How Gross Is It to Not Use Plastic Produce Bags at the Grocery Store?
There’s more to consider when it comes to food safety than just the bag.
With cities like Chicago implementing a 7-cent tax on plastic and paper bags, and metro areas from Boston to San Francisco imposing a citywide ban on plastic bags, there’s a nationwide movement toward eliminating single-use plastics. It’s become nearly shameful to show up at Whole Foods without an armful of reusable tote bags in which to carry your groceries home. But one thing that hasn’t gone away (yet) are the rolls of thin plastic produce bags found in supermarkets, designed to contain everything from fruits and vegetables to meats, baked goods and bulk items. After all, they’re a necessity, right?
In January, the New York Times reported that the Italian government had banned the use of plastic produce bags, instead swapping in eco-friendly, biodegradable and compostable alternatives—and charging 1 to 3 cents each. Met with outrage from consumers, Italy’s Health Ministry declared consumers could bring their own bags from home, provided they’d never been used, citing risk of bacterial contamination. (In hindsight, that seems a little misguided.)
Right now, however, U.S. supermarkets don’t have big plans to eliminate or swap out plastic produce bags (except for Kroger, which pledged in August to eliminate all plastic bags from its nearly 2,800 stores by 2025)—perhaps for one big reason.
“The produce bags in our stores provide guests a convenient and effective means of protecting fresh produce from being introduced to bacteria that may be present in a shopping cart, on the checkout register conveyor or within a reusable shopping bag,” says Vic Savanello, vice president of produce for The Fresh Market, a grocery chain with more than 150 locations around the country.
If you haven’t already heard, the level of bacteria found in most grocery stores is pretty gross. A study from tote-bag company Reuse This Bag found that traditional grocery store produce contains about 1,940 colony-forming units per square inch (that’s 746 times more bacteria than a car steering wheel), and budget grocery store produce was is way worse, containing around 5.6 million CFU/square inch. Even “upscale” grocery stores had really dirty produce: 3.3 million CFU/square inch (more than 11 times what you’d find on a pet’s food bowl—yuck!).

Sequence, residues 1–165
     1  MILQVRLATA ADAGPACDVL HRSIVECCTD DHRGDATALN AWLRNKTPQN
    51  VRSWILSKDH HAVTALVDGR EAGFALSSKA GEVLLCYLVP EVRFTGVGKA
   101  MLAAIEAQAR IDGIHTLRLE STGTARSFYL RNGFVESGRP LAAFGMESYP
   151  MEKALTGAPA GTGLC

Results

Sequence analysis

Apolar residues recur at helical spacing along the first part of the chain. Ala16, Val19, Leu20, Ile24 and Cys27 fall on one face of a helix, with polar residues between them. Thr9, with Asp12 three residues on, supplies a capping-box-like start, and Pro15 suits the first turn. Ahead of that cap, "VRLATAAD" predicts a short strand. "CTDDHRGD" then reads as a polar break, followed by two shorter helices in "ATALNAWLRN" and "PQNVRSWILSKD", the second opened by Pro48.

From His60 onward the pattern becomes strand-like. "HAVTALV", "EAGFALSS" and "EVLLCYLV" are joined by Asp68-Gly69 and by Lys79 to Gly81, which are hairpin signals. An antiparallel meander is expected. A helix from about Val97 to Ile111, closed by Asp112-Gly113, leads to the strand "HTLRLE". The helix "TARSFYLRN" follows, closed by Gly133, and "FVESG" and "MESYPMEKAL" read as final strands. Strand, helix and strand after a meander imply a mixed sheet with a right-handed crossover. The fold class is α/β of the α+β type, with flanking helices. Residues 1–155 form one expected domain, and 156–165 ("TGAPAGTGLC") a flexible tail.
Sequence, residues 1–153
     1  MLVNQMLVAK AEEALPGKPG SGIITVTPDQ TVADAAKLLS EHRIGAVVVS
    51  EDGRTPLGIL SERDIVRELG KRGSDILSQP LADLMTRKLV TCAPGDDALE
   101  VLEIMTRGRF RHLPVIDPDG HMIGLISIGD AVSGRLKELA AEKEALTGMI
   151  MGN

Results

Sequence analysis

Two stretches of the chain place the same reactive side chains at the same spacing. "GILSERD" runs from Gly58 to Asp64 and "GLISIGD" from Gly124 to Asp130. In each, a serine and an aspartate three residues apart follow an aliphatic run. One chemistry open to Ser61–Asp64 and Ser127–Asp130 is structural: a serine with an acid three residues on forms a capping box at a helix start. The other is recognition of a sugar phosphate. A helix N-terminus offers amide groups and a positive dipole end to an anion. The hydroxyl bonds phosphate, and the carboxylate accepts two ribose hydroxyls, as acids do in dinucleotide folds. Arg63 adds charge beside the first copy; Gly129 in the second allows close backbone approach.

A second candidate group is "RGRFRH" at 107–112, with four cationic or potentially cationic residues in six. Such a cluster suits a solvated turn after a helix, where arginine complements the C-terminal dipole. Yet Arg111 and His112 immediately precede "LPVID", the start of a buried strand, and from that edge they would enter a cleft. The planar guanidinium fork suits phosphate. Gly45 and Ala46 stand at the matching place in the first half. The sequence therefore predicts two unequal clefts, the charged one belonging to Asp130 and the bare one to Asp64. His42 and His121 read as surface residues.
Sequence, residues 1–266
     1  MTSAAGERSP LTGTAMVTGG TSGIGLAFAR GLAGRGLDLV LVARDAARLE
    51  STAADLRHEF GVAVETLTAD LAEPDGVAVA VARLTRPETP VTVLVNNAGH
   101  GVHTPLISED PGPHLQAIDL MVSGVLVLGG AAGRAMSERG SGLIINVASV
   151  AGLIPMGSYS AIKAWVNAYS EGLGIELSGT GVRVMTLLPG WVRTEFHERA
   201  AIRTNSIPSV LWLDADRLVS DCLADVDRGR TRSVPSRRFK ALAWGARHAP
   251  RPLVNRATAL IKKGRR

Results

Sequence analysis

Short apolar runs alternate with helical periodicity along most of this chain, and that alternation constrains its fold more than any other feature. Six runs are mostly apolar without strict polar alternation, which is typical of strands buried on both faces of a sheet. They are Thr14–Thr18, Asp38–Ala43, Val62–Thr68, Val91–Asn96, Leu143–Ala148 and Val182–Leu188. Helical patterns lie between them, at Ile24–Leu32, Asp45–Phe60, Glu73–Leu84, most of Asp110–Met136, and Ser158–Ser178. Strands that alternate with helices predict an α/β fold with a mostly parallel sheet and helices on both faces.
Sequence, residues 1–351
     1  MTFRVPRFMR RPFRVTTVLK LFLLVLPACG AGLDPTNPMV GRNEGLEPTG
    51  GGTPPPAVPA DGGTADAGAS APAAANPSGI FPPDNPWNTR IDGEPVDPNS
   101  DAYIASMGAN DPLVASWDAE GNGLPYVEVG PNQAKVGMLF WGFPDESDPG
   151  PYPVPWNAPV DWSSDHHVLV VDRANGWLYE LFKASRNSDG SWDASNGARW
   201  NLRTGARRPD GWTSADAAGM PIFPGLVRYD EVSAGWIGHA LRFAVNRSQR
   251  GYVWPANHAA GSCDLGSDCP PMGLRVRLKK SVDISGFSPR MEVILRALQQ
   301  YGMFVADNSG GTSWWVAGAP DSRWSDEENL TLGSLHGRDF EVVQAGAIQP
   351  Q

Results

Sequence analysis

Add in even more disgusting stats on bacteria from cart handles and refrigerator case doors, and you’ll practically want to shop in gloves to protect yourself. (Read: You might want to start using those antibacterial wipes often offered near the cart bays, if you’re not already.)
Consider the typical path of, say, a red pepper you’re buying for your dinner recipe. The more times the pepper is touched, the more germs it collects. So you might pick up the pepper and place it in your cart, then touch it again to put it on the conveyor belt at checkout. Then the cashier handles it again to weigh it, setting it down on a produce scale that’s also very dirty. It’s handled yet again being put into a bag to transfer it home, and if that’s a reusable tote bag that you haven’t washed in awhile, it’s picking up even more bacteria there—especially if you’ve used it to transport extra-germy items like raw meats in the past. And that’s nothing to say about how many times the pepper was handled before it even got to the display in the store (even though the USDA and FDA both have rigorous rules regarding produce safety).
While plastic produce bags may save you from bacteria in a few steps along the way, they won’t help you eliminate germs. Any way you look at it, the hard-and-fast truth is that before consuming that pepper, or any produce, you need to wash it—and wash it well.
The FDA recommends washing your hands with soap and warm water for 20 seconds before even starting to prep produce, then rinsing the produce under running water before peeling or cutting the item—even if you aren’t going to consume the peel, like a lemon or orange—so bacteria aren’t transferred as you cut into it. A clean vegetable brush may be used to scrub firm produce, like melons or carrots, and you should always dry produce with a clean cloth or paper towel to further reduce bacteria. Furthermore, the FDA advises discarding the outermost leaves of a head of lettuce or cabbage.
Cutting down on use of plastic bags, even the thin ones used for produce, has a more positive impact on the environment. Yet overall, using plastic produce bags offered at grocery stores (or bringing your own) still makes for a less messy shopping experience.
“[Using produce bags] helps improve the overall cleanliness of the shopping environment,” says Savanello, “preventing produce from dripping or breaking in the shopping cart or at the register.”
Less drips from dirty fruits or raw meats in both carts and at the register is a good thing for all shoppers, whether they’re using produce bags or not. The bottom line: not using produce bags might introduce your products to more germs, but you’re going to wash them anyway.